Theresa May made an upbeat start to her keynote speech to the Conservative Party conference by shimmying on stage to Abba’s Dancing Queen today.

Mocking the dance moves she made during a recent visit to Africa, which went viral, the British Prime Minister arrived in the hall throwing some shapes as the crowd cheered.

Mrs May’s speech last year was beset by a series of disasters – a prankster served her with a joke P45, she suffered a coughing fit and the letters on the set behind her fell off as she ploughed on with her address.

The PM told Tory activists: “Can I just say, you will have to excuse me if I cough during the speech.

“I’ve been up all night super-gluing the backdrop.”

She used the speech to pay tribute to those who died in the First World War, which ended 100 years ago and also highlighted the efforts to rebuild in the wake of the Second World War “where former enemies become friends”.

Mrs May said: “We must recapture that spirit of common purpose because the lesson of that remarkable generation is clear: if we come together there is no limit to what we can achieve.  Our future is in our hands.”

She also joked: “It’s not always glamorous. I have seen the trailers for Bodyguard – and let me tell you it was not like that in my day.”

The PM highlighted abuse faced by politicians, including the high volume of racist and misogynistic messages sent to shadow home secretary Diane Abbott.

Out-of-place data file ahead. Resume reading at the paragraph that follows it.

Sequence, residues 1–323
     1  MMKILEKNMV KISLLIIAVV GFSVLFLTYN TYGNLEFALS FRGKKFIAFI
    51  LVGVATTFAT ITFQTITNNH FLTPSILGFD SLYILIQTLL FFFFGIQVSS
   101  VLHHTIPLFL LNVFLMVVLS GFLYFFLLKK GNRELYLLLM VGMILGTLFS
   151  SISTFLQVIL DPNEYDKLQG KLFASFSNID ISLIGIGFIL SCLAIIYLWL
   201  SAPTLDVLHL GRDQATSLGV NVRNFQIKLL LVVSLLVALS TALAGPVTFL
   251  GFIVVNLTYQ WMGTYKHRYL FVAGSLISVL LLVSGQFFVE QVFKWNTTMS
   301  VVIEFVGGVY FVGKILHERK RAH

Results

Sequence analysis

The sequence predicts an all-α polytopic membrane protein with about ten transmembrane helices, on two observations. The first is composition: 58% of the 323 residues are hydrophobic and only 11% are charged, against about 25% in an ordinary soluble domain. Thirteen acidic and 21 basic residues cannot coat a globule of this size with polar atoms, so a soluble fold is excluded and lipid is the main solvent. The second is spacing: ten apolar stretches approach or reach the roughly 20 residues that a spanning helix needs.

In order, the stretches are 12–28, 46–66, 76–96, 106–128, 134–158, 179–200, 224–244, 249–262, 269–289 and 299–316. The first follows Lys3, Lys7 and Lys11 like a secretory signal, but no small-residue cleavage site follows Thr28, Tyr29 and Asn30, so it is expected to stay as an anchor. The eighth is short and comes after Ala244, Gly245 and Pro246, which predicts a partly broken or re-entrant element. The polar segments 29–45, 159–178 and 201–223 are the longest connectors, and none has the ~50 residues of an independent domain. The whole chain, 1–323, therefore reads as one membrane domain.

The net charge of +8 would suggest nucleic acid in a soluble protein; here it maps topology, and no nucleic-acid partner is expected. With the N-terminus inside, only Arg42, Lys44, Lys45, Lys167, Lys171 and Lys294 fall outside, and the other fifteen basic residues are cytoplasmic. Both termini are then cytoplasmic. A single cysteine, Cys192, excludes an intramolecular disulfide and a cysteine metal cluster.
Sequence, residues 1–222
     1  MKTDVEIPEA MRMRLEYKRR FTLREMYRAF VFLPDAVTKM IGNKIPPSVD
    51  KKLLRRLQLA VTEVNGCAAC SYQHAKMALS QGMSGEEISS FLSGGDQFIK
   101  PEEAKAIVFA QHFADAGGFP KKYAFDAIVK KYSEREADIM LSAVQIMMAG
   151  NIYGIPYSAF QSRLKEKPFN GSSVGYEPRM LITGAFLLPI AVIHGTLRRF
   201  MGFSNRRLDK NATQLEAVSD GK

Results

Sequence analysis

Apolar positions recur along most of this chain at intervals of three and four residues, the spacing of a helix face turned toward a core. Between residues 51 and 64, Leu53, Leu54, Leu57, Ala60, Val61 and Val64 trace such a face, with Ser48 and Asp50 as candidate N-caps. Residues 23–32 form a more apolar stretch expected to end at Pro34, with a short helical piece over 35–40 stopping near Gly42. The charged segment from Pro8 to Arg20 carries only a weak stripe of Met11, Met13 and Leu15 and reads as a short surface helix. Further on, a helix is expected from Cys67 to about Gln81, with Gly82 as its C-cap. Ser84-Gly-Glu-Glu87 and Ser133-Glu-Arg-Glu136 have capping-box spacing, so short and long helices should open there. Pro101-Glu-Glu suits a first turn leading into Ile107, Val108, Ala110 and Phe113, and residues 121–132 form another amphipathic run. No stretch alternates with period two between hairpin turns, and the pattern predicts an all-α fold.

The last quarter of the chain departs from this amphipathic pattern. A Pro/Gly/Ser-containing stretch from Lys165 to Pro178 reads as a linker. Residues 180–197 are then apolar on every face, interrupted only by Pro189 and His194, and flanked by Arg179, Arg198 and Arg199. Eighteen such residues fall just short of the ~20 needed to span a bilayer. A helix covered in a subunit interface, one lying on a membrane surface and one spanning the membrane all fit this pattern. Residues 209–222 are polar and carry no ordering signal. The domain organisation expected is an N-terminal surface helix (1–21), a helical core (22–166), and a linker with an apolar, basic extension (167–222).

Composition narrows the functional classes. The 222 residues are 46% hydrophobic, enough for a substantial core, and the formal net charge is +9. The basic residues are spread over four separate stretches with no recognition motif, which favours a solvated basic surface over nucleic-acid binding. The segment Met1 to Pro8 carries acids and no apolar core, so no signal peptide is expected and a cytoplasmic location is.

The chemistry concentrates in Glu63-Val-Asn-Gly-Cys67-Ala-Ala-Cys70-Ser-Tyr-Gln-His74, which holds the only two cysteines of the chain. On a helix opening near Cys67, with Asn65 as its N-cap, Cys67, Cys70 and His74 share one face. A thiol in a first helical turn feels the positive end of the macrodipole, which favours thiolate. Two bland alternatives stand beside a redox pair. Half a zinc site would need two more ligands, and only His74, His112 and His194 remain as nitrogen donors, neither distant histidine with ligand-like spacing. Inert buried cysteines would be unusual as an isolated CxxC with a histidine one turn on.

She said: “You don’t have to agree with a word Diane Abbott says (in order) to believe passionately in her right to say it free from threats and abuse.”

Mrs May warned polarised politics can result in “good people being put off” public service, adding: “It doesn’t have to be this way.”

She added: “Let’s rise above the abuse, let’s make a positive case for our values that will cut through the bitterness and bile that is poisoning our politics – and let’s say it loud and clear, Conservatives will always stand up for a politics that unites us rather than divides us.”

The British Prime Minister used the speech to lash out at Labour, highlighting the anti-Semitism row which has hit the party under Jeremy Corbyn.

“What has befallen Labour is a national tragedy,” she said. “What has it come to when Jewish families today seriously discuss where they should go if Jeremy Corbyn becomes prime minister?  When a leading Labour MP says his party is ‘institutionally racist’?

“When the leader of the Labour Party is happy to appear on Iranian state TV but attacks our free media here in Britain? That is what Jeremy Corbyn has done to the Labour Party. It is our duty, in this Conservative Party, to make sure he can never do it to our country.”

The Conservatives would be “a party for the whole country”.

She said: “A party not for the few, not even for the many, but for everyone who is willing to work hard and do their best.”

The Conservatives “must be a party that is not in thrall to ideology, but motivated instead by enduring principles”.

The British Prime Minister said her principles could be summed up in three words: security, freedom and opportunity.

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